Inhibition of Leishmania donovani promastigote internalization into murine macrophages by chemically defined parasite glycoconjugate ligands

C B Palatnik, R Borojevic, J O Previato, L Mendonça-Previato
1989 Infection and Immunity  
Leishmania donovani, the agent of human visceral leishmaniasis, is an intracellular parasite that must be recognized and internalized by host macrophages to complete its biological cycle. In a search for possible ligands for macrophage surface receptors, glycoconjugates were obtained from Leishmania promastigotes by aqueous, phenol-aqueous, and alkaline extraction. A fucose-mannose glycoproteic ligand, a lipopeptidephosphoglycan, and a phosphate mannogalactan ligand were purified from
more » ... fied from promastigotes and analyzed for their chemical contents, with special attention to their glycidic moieties. Sugars that were identified as components of these glycoconjugates were tested for their capacity to inhibit promastigote internalization by BALB/c peritoneal macrophages in vitro. Neutral hexoses showed little inhibitory activity; fucose, charged monosaccharides, and a mannose polymer showed the highest activity. Two of the glycoconjugates (fucose-mannose glycoproteic ligand and phosphate mannogalactan ligand) purified from promastigotes were potent inhibitors of internalization, 75% inhibition being obtained at concentrations of 6 to 10 ,ug/ml. The simultaneous presence of both ligands in low concentrations yielded an increase in inhibitory activity above that found for each ligand alone, indicating that promastigotes may use at least two receptor sites for penetration into macrophages. These ligands are specific inhibitors of L. donovani promastigote phagocytosis, since 10 ,ug of each ligand per ml interfered neither with internalization of yeast cells nor with phagocytosis of Leishmania adleri promastigotes. Leishmania donovani, the etiological agent of human kala-azar (human visceral leishmaniasis), is an obligatory intracellular parasite. Leishmania promastigotes are introduced into the host blood circulation by the insect vector. They need to be recognized and internalized by host macrophages to complete their biological cycle. Once they reach the intraphagolysosomal environment, they become amastigotes and multiply until they disrupt the macrophage and propagate the infection to other cells. Recognition and penetration into macrophages is therefore a very critical point in the Leishmania cell cycle. It involves several complex phenomena that are still incompletely understood. In recent research, evidence has been gathered which indicates that both recognition and penetration of leishmanias into macrophages are mediated by carbohydrates. Dwyer et al. (13) suggested that L. donovani glycidic coat participates in adhesion of parasites to cells and to other substrates. Chang (9) indicated that mannose and glucosamine are the principal sugars involved in adhesion of promastigotes to hamster macrophages. Wilson and Pearson (41) have shown that mannose-fucoseand mannose-phosphate-containing polymers might be the ligands on the parasite surface that are recognized by receptors responsible for parasite internalization by human macrophages. These observations are consistent with studies of macrophage receptors that interact with Leishmania species and that have been shown to have a lectinlike activity. A mannose-fucosyl receptor, associated with the C3b complement receptor complex, is responsible in mouse macro-* Corresponding author. phages for the general mechanism of internalization of parasites (7, 42) and for the associated respiratory burst (10). Most of the evidence indicating the participation of sugars in interaction of Leishmania species with macrophage receptors and in control of their internalization has been obtained from indirect studies on inhibition of parasite penetration into macrophages in vitro by purified monosaccharides or neoglycoproteins. Knowledge of the composition and structure of the L. donovani glycidic ligand is still rudimentary. Recent observations of other Leishmania species have demonstrated the relevance of glycidic moieties of surface glycoconjugates in parasite interaction with host cells. An integral membrane glycoprotein containing glucosamine, mannose, and galactosamine was characterized in Leishmania mexicana (36), and a lipopolysaccharide containing galactose was identified in Leishmania major (19) . In the present work, we report our findings on the chemical and biological characterization of three different carbohydrate-containing fractions obtained from L. donovani (LD1S-Sudan): a glycoproteic fraction containing fucose and mannose that was isolated from the aqueous extract, an acidic phosphate-mannogalactan glycoconjugate that was released by alkaline extraction, and a lipopeptidephosphoglycan (LPPD) from the phenolic extract. Monosaccharides identified in these fractions were tested in vitro for their capacity to inhibit parasite penetration into macrophages. Subsequently, the fractions purified from Leishmania promastigotes were used in the same in vitro test. Two of them (fucose-mannose glycoproteic ligand [FML] and phosphate mannogalactan ligand [PMGL]) were shown to behave as separate specific ligands for parasite internalization by mouse peritoneal macrophages. 754 on May 5, 2020 by guest Downloaded from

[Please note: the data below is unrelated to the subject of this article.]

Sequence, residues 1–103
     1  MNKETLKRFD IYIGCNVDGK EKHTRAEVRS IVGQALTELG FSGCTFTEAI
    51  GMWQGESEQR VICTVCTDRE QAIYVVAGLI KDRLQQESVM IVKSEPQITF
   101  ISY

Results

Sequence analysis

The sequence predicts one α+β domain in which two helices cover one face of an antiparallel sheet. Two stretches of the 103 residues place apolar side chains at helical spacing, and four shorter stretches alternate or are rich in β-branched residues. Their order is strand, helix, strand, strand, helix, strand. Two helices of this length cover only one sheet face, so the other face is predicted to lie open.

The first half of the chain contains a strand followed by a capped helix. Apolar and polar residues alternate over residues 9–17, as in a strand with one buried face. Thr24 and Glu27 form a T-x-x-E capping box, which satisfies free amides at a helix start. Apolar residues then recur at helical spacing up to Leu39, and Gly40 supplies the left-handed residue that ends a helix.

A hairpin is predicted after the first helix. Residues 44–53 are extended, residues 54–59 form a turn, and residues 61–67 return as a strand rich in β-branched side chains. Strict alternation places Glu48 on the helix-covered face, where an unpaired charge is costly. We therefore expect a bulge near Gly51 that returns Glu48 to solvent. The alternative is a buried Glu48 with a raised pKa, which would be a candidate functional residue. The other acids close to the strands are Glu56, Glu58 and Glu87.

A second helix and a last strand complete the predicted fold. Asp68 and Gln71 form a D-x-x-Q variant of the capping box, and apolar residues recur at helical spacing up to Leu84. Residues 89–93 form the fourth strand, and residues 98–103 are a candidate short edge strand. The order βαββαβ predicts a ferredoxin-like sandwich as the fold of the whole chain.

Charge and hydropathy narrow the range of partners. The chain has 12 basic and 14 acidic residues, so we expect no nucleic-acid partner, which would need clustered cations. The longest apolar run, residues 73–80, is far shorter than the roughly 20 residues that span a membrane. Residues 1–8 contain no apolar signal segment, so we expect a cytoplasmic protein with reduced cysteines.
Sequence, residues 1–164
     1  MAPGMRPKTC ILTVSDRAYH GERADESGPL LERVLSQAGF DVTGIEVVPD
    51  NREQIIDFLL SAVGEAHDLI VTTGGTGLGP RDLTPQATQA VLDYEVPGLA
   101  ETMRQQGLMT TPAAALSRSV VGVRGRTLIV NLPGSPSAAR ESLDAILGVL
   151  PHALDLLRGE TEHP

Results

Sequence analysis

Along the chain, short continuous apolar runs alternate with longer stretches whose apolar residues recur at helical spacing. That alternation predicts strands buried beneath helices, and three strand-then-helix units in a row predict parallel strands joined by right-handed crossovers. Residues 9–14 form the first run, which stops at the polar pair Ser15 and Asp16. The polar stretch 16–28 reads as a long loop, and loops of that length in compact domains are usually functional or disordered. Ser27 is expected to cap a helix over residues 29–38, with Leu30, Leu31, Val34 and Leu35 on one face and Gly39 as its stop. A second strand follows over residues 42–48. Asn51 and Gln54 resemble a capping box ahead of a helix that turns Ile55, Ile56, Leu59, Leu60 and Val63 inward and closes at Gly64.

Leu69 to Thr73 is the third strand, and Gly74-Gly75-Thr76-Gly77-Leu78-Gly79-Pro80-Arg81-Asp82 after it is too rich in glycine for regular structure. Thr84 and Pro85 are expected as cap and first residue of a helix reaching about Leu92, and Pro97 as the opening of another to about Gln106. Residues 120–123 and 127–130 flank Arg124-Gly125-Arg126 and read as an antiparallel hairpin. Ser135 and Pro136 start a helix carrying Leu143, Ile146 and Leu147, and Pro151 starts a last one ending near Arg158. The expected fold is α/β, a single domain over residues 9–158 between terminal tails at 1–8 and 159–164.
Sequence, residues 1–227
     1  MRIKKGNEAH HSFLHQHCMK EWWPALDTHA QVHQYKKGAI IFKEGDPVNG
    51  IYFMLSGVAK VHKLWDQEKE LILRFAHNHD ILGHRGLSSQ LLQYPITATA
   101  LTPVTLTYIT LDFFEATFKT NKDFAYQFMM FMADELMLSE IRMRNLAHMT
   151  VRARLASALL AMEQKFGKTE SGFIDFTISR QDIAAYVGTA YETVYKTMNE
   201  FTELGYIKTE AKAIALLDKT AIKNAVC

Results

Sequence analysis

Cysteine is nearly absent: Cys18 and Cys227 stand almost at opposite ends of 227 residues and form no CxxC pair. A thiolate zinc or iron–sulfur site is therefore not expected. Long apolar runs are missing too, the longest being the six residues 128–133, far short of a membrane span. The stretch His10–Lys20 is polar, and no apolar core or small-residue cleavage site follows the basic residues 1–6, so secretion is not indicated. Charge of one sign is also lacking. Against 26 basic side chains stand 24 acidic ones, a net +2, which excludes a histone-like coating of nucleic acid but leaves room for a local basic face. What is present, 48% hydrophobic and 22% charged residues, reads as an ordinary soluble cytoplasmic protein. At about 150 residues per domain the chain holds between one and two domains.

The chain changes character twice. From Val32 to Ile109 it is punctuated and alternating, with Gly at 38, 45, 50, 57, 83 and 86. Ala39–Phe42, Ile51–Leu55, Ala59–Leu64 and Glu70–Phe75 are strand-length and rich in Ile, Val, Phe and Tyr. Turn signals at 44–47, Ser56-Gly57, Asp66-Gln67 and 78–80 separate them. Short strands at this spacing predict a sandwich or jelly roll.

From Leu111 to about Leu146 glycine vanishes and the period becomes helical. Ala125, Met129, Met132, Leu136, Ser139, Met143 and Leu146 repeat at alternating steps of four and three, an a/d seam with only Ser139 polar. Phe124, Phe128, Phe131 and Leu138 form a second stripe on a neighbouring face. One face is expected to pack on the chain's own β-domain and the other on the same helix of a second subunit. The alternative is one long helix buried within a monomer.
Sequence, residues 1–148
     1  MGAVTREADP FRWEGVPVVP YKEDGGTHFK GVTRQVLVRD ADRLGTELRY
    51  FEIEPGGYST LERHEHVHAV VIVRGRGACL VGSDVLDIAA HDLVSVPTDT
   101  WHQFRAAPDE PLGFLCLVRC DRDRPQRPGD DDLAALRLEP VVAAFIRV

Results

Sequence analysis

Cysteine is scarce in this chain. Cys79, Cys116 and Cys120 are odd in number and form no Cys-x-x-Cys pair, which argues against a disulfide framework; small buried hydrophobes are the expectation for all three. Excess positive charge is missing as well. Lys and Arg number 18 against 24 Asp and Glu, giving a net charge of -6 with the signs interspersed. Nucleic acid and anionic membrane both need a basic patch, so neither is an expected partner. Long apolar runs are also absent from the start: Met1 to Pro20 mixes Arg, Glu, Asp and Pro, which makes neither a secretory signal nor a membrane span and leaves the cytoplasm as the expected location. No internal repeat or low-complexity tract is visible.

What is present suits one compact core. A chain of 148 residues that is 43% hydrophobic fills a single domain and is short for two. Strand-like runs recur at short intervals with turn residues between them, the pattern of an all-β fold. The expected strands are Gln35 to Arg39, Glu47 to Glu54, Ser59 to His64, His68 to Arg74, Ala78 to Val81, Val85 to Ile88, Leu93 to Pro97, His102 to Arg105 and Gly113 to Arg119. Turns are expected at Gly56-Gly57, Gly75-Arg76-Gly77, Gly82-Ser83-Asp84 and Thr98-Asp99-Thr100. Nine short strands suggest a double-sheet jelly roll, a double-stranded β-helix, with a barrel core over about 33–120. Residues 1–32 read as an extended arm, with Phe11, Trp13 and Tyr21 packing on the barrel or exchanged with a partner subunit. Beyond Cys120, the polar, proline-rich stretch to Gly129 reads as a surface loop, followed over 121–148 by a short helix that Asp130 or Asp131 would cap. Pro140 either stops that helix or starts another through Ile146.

doi:10.1128/iai.57.3.754-763.1989 fatcat:45i52xsrzjdxhiqcrhsychxrey